SUNY Oswego creates food pantry
In the basement of Penfield Library at SUNY Oswego, there's a room where the shelves are not filled with books.
"We've got pastas, and we've got popcorn, Jell-O, beans, cereals, jelly -- a lot of jelly," said SUNY Oswego Student Government Association President Emily Nassir as she surveyed the recently created food pantry. Just a few months ago, this was an empty space. Now it's covered in a plethora of canned and boxed foods and toiletries. And there's even a mini clothing store and adjacent fitting room.
"You're going to be able to take the clothes from there, come in here and change and then leave," Nassir said. "The good thing is this nice door so you can have your privacy while you change."
Nassir worked with the Oswego administration earlier this year to create the food pantry, which is called S.H.O.P, Students Helping Oz Peers. Nassir said it serves an important function at a time when the ballooning costs of college are beginning to affect students from all backgrounds.
"I don’t like to think of S.H.O.P as you have to be at rock bottom to come here," Nassir said. "It’s Students Helping Oz Peers. If you need help, however you interpret that help, it’s here for you to get it."
And as the winter season approaches, that help can also come in the form of winter wear. Nassir says the pantry is getting a lot of jacket and coat donations.
"It’s meant to be a rounded assistantship to students so they’re able to sustain themselves while on campus," She said. "It’s worth acknowledging that sustaining isn’t just about food, it’s about hygiene and taking care of your body in every way -- keeping yourself warm in the tundra of Oswego."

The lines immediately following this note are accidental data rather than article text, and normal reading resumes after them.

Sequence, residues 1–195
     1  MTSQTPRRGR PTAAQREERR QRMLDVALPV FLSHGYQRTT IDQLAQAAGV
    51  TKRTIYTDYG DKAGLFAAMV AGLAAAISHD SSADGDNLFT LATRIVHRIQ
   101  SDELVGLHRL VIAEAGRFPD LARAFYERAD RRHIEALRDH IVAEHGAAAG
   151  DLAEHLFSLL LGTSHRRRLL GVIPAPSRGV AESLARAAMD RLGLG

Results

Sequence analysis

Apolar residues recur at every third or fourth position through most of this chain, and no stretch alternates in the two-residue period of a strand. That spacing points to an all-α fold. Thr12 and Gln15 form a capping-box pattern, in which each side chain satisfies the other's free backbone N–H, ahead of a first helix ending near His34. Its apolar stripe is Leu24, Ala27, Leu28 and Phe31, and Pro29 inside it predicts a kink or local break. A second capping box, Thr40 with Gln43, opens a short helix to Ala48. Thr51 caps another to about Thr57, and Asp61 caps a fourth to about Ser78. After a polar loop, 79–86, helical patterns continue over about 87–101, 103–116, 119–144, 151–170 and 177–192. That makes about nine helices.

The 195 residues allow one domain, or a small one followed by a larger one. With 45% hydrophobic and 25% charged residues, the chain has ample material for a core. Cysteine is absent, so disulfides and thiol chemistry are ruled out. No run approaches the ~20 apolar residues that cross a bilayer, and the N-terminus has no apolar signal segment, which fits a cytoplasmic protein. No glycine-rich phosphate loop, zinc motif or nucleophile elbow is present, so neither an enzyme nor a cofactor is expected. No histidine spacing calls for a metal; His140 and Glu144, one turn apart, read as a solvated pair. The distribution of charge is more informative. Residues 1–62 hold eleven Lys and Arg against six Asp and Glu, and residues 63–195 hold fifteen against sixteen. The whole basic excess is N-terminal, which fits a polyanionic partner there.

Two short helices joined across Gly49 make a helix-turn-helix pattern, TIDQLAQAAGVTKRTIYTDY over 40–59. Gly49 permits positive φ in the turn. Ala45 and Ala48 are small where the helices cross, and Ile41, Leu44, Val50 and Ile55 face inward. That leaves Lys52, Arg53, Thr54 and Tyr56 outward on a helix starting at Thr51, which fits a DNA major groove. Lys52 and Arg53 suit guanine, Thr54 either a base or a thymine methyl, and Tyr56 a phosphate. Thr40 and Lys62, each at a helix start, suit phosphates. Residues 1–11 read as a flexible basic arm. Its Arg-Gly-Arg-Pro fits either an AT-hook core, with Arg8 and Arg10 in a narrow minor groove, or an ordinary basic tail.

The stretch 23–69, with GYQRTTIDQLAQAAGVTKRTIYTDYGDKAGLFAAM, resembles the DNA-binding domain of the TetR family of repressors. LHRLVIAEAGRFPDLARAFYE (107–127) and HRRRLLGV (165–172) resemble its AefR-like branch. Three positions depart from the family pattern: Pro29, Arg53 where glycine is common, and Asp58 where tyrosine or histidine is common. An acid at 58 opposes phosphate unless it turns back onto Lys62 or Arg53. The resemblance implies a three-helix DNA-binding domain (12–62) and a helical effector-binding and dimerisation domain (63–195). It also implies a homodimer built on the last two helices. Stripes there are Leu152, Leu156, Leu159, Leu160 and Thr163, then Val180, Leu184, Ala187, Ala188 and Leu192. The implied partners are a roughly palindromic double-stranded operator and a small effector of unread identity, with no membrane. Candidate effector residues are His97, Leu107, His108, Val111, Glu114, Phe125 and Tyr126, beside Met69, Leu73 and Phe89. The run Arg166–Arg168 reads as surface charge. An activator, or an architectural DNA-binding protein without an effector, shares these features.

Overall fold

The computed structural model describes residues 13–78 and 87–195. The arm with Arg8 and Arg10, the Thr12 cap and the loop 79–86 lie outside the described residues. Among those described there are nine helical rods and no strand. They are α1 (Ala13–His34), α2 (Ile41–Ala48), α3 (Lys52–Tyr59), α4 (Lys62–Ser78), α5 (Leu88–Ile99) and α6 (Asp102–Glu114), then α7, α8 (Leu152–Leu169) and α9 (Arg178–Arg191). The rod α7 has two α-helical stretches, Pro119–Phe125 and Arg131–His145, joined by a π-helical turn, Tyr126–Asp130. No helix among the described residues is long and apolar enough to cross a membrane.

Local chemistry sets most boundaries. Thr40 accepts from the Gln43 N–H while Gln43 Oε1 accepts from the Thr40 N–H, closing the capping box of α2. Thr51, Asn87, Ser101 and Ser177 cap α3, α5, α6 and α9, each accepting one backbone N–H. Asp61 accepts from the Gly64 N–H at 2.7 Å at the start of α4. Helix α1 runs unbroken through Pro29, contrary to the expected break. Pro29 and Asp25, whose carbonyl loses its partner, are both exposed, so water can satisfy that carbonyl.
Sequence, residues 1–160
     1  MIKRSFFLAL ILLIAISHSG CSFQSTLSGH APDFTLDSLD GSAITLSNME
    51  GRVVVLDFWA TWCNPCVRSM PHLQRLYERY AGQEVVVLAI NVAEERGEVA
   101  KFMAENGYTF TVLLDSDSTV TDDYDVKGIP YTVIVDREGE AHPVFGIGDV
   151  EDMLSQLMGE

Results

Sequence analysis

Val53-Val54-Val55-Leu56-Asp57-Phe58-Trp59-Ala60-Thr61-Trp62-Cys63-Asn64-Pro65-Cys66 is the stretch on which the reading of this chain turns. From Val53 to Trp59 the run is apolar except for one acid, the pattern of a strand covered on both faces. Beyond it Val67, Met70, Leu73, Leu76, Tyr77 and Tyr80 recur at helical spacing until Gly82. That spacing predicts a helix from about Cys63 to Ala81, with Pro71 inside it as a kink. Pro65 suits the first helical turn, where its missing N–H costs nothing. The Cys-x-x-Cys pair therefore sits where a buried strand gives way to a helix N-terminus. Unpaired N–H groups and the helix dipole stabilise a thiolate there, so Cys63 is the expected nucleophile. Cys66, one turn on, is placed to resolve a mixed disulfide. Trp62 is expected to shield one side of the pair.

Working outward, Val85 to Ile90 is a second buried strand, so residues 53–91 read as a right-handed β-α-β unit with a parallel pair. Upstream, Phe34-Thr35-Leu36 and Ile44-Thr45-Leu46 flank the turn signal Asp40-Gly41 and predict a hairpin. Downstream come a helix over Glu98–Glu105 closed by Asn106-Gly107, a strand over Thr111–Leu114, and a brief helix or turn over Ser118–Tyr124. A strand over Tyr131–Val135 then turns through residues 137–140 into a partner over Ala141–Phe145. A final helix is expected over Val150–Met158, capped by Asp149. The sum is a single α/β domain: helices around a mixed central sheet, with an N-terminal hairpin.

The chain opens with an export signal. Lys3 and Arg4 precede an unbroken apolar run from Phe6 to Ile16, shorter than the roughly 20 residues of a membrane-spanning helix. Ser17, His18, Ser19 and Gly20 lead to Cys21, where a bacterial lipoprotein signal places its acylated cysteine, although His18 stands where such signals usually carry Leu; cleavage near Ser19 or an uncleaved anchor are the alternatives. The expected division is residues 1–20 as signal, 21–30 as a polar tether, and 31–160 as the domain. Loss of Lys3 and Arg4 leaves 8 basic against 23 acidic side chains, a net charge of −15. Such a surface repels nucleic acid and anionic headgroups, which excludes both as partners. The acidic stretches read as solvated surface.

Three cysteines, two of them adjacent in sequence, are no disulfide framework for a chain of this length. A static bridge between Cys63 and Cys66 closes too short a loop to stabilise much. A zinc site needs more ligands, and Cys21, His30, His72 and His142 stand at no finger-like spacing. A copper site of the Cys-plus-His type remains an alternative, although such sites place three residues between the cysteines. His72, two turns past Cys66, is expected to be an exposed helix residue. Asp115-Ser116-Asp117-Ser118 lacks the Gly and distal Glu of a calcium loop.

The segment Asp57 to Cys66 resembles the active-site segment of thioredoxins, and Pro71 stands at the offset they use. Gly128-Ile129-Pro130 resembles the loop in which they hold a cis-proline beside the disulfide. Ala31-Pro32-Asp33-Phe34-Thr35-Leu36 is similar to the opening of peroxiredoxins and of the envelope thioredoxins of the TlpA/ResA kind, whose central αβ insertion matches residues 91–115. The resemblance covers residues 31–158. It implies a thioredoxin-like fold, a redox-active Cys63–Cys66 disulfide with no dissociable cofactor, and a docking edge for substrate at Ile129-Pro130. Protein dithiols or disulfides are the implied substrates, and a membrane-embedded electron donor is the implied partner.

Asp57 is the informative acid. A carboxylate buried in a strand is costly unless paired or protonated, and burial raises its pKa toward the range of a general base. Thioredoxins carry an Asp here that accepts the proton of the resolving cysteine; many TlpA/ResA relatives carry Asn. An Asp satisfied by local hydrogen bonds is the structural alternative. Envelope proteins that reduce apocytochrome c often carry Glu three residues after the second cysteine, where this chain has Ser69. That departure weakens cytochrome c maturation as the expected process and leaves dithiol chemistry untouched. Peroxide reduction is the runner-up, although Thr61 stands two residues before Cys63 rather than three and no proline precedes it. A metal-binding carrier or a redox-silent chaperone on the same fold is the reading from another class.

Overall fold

Nassir said the idea for a food pantry was inspired by other college campuses in the state. Clare Cady, who started the College and University Food Bank Alliance (CUFBA), said the campus pantry movement is actually a nationwide trend.
"At this point as college costs and the costs associated with college climb and financial aid is not keeping pace with that, we’re finding that the issue is becoming more prevalent," Cady said. "A lot more schools are working to address it."
CUFBA helps campuses address food insecurity, primarily through launching food pantries. Cady said food insecurity affects anywhere from 20 to 40 percent of students on any given campus. The issue, she says, is that pantries typically only serve a temporary fix.
"It’s essentially putting a band aid on a bullet wound," Cady said. "So, if you can get a student food for a week, for a night, but what happens the next night or next week? At that point you need to pair it with longer term solutions."
Cady says lawmakers need to invest more in colleges and universities or supplement financial aid packages.